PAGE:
The face of the quick-serve food industry is rapidly changing, brought on by the advent not only of new culinary dishes, but also the way in which companies create them, serve them, and ultimately profit from them. From fast-food to fast-casual, the dining experience will not be the same.
We asked three Motley Fool contributors for their thoughts on significant trends occurring in fast-food restaurants that are having an outsized impact on how the industry is changing. In delving into that topic, they came up with three restaurant stocks that have completely altered the landscape: Chipotle Mexican Grill (NYSE:CMG), McDonald's (NYSE:MCD), and Sonic (NASDAQ:SONC).
Whether it's reaching back into their history or devising new ways to solve current problems, these three innovations have changed the rules of the game. Let's take a closer look at why these Fools think so.
Andres Cardenal (Chipotle): Chipotle Mexican Grill brought many tasty innovations to the fast-food table, and the company has achieved explosive success over the last decade. While menu and service quality are undeniably important factors, its unique people culture is one of Chipotle's most determinant innovations.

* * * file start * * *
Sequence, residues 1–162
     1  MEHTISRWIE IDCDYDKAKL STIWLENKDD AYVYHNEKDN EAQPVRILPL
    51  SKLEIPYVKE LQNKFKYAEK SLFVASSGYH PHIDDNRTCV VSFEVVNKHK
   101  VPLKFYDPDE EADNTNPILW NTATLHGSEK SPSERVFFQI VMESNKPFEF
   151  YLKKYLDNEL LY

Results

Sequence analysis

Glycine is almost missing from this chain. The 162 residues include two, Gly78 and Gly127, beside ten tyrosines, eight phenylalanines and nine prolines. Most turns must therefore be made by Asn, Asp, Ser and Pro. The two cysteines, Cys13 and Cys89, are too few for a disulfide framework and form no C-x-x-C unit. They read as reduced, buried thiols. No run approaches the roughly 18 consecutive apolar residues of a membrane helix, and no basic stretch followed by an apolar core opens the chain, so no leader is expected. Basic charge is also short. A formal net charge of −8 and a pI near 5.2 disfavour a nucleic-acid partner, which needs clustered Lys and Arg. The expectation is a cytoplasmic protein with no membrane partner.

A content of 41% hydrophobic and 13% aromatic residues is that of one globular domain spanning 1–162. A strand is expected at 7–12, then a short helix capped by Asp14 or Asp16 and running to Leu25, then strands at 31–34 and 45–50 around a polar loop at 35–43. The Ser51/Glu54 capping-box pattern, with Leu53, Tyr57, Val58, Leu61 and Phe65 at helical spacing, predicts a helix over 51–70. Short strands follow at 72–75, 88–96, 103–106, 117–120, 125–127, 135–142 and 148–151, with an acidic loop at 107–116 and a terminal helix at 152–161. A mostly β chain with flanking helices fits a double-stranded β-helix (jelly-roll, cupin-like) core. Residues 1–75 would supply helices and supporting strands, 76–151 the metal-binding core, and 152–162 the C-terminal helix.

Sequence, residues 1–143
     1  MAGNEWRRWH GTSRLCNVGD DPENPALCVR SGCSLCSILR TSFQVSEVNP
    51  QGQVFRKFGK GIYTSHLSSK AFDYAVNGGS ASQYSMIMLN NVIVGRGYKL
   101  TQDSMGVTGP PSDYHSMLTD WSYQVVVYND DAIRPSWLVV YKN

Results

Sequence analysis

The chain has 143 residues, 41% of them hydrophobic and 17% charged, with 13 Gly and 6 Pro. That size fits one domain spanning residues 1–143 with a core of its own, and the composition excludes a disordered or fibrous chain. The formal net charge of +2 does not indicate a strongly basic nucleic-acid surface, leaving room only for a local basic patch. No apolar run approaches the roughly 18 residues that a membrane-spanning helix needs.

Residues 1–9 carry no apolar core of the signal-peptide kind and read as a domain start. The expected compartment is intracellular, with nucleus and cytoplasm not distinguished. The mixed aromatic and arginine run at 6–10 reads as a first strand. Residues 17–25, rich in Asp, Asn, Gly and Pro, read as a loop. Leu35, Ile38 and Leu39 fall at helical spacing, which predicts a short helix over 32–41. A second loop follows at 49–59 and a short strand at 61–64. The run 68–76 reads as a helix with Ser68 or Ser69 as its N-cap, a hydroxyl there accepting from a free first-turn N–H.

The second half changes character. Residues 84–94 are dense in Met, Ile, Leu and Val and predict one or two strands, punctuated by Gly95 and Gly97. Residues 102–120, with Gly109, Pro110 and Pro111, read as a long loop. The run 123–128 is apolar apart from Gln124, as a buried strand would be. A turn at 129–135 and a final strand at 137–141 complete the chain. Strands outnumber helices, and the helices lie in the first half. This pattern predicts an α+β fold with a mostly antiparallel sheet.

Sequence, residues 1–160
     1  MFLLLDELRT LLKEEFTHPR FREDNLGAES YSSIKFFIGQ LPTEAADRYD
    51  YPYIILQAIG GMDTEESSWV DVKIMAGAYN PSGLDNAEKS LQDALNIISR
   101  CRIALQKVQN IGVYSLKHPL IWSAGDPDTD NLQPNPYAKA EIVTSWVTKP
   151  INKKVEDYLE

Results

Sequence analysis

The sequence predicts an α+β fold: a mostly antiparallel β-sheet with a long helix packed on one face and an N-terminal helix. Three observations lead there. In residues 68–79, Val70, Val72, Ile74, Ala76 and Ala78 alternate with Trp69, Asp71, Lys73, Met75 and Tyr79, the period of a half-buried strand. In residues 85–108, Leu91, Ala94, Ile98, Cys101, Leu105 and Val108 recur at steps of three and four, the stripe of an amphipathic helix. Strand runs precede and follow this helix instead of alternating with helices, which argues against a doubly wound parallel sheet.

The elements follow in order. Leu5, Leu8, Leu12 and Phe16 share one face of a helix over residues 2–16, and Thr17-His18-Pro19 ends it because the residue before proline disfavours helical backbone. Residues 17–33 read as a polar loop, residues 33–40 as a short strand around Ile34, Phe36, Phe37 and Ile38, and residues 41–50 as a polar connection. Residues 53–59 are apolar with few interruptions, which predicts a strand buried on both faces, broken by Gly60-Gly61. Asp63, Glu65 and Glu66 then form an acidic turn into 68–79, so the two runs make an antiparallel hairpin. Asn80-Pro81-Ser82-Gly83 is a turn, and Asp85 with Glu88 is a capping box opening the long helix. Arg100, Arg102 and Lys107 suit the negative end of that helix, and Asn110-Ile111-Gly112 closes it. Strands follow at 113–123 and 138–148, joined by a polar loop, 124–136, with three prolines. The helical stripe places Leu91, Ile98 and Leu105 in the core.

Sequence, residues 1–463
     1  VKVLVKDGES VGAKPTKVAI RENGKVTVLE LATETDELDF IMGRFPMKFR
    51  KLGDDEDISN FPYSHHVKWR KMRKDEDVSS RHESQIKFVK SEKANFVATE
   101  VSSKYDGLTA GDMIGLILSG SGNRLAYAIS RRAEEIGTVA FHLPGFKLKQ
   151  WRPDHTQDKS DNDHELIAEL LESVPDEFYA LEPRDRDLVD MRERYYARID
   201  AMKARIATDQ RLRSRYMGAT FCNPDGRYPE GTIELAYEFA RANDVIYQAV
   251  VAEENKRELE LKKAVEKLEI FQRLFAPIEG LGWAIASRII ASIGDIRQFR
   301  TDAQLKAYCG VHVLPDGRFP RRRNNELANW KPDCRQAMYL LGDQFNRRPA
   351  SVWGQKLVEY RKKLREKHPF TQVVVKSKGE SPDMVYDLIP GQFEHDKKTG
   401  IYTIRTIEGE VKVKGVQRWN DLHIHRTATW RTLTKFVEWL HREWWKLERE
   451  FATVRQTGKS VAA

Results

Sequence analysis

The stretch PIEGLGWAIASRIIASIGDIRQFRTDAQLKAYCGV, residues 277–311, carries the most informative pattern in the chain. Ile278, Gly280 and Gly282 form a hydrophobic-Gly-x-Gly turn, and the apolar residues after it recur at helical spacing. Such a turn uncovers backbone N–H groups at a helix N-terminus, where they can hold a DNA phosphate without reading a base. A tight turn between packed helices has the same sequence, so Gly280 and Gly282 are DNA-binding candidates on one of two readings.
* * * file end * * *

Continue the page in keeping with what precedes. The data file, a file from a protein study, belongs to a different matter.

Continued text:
Chipotle pays better salaries than other fast-food companies, and the company is famously known for its intensive training and professional development opportunities. In the last year alone, Chipotle promoted more than 10,500 employees who started as crew into management positions. More than 78% of the company's restaurateurs started as crew, many of them having never even worked in a restaurant before.
In the words of Co-CEO Montgomery Moran during Chipotle's latest conference call.
By hiring only top-performing employees and developing them to be at their very best, we're able to do things in our restaurants that other restaurant companies simply can't do. Not only is our team running extraordinary restaurants, preparing delicious food using classic cooking techniques and providing exceptional customer service, we're also elevating the people around them. This approach to running our restaurants is what enables us to create such an extraordinary dining experience and to deliver such strong unit economics.